“Much of the fall is due to the effects of Hurricane Delta shuttering U.S. production in the Gulf of Mexico, and as such, will be a transitory effect,” said Jeffrey Halley, senior market analyst, Asia Pacific at OANDA.
“Therefore, I am not getting too excited that a turn of direction is upon markets, although both contracts are approaching important technical resistance regions.”
Also, the report that the Organization of the Petroleum Exporting Countries (OPEC) and its allies, referred to as OPEC+ attained 102 percent compliance level with their oil production cuts agreements bolstered global oil outlook. Suggesting that demands for the commodity are likely not growing and could drag down prices in few weeks, especially when one factor in the reopening of Libya’s Sharara oil field, workers returning to operation in Norway and the Gulf of Mexico.
Oil Prices Gain on Tuesday Despite Expected Surge in Global Oil Supplies
Oil Prices Rise Despite Expected Surge in Global Oil Supplies
Oil prices gained on Tuesday despite Libya opening Sharara oil field for production, labour in Norway reaching an agreement with oil firms to return back to work and oil workers in the U.S returning to the Gulf of Mexico region after the Hurrican Delta.
Brent crude oil, against which Nigerian oil price is measured, gained 1.77 percent to $42.46 per barrel as at 11:15 am Nigerian time on Tuesday.
While the US West Texas Intermediate (WTI) crude oil gained 2 percent to close at $40.22 per barrel.
The improvement in prices was after oil prices plunged as much as 3 percent on Monday following a resolution reached by Libyan rebels and government to commence oil production at the nation’s largest oil field, Sharara Oil Field.
This coupled with labour agreement with oil firms in Norway was expected to boost global oil supplies and eventually weighed on prices and disrupt OPEC+ production cuts strategy.
However, prices surged after Nancy Pelosi said she would commence talks on $1.8 trillion stimulus package following President Trump’s return to the White House after he was rushed to hospital following a positive COVID-19 test.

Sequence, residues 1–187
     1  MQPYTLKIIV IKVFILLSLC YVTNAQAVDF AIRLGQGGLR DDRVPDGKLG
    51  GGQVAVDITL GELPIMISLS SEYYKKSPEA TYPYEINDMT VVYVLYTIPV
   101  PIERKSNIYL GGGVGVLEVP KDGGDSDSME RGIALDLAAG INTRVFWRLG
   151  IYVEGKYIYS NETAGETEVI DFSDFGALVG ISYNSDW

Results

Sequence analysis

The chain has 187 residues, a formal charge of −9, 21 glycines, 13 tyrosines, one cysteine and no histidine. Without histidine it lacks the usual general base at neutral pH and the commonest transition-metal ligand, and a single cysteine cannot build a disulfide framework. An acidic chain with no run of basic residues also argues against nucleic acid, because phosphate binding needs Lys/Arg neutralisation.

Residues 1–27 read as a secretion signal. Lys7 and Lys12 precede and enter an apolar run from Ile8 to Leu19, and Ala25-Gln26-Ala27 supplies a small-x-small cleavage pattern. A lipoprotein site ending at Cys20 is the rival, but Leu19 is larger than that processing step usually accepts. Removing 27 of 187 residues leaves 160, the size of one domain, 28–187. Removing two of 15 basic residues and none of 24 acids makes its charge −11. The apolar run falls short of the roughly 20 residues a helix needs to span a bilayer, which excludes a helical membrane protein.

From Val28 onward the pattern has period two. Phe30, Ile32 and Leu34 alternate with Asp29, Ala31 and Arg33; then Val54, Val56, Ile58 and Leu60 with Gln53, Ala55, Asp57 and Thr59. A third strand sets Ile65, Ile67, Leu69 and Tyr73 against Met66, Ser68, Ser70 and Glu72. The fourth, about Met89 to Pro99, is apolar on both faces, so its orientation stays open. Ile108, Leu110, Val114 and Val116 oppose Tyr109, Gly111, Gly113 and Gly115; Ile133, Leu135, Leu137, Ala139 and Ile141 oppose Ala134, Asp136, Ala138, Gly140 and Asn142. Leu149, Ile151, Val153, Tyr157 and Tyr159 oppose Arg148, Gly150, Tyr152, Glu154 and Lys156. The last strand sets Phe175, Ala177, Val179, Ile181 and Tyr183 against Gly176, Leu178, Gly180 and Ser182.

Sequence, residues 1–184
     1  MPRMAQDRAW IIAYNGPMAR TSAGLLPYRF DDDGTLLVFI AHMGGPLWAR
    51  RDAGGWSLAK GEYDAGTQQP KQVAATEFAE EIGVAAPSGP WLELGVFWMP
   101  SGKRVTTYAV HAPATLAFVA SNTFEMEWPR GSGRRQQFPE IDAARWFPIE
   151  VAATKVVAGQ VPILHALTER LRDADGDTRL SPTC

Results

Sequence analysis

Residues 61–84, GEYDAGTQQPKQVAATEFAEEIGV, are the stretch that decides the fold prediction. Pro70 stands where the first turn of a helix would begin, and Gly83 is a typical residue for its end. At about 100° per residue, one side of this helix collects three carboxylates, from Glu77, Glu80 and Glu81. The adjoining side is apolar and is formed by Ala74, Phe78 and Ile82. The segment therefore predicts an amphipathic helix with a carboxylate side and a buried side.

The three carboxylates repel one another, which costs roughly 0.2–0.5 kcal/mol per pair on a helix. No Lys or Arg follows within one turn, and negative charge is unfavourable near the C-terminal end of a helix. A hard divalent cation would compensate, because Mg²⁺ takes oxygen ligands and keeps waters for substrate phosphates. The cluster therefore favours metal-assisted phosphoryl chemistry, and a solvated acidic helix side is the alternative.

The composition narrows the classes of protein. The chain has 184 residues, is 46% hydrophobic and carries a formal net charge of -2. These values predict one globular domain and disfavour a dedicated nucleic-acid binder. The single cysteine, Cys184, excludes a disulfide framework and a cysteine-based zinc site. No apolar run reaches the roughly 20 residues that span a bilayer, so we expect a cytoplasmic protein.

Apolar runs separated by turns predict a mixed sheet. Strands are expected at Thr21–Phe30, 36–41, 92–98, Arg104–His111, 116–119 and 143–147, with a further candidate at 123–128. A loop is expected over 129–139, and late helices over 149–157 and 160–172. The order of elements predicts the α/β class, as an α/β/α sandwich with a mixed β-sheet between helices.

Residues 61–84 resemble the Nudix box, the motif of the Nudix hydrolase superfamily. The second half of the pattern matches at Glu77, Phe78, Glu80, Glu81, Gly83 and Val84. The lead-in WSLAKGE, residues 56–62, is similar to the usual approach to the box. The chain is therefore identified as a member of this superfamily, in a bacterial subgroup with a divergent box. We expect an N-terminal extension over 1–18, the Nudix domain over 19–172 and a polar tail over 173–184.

Joe Biden Win Could Boost Oil Prices, Says Goldman Sachs
Oil Prices to Surge Once Joe Biden Wins -Goldman Sachs
Goldman Sachs, one of the world’s largest investment banks, has said Joe Biden win could boost global oil prices despite weak global economic outlook and COVID-19 negative impacts on the world’s growth.
The investment bank, however, remains bullish on both oil and gas prices regardless of the election outcome in November.
The bank sees oil and gas demand rising enough in 2021 to supersede election results but explained that Biden win could bolster prices by making production more expensive and more regulated for producers in the U.S.
In a note written by the bank’s commodities team on Sunday, it said “We do not expect the upcoming U.S. elections to derail our bullish forecasts for oil and gas prices, with a Blue Wave likely to be in fact a positive catalyst.”
“Headwinds to U.S. oil and gas production would rise further under a Joe Biden administration, even if the candidate has struck a centrist tone.”
Goldman Sachs explained that if incumbent, Trump, is re-elected with pro-oil and gas policies in place that “its impact would likely remain modest at best,” Goldman’s analysts wrote, “given the more powerful shift in investor focus to incorporate ESG metrics and the associated corporate capex re-allocation away from fossil fuels.”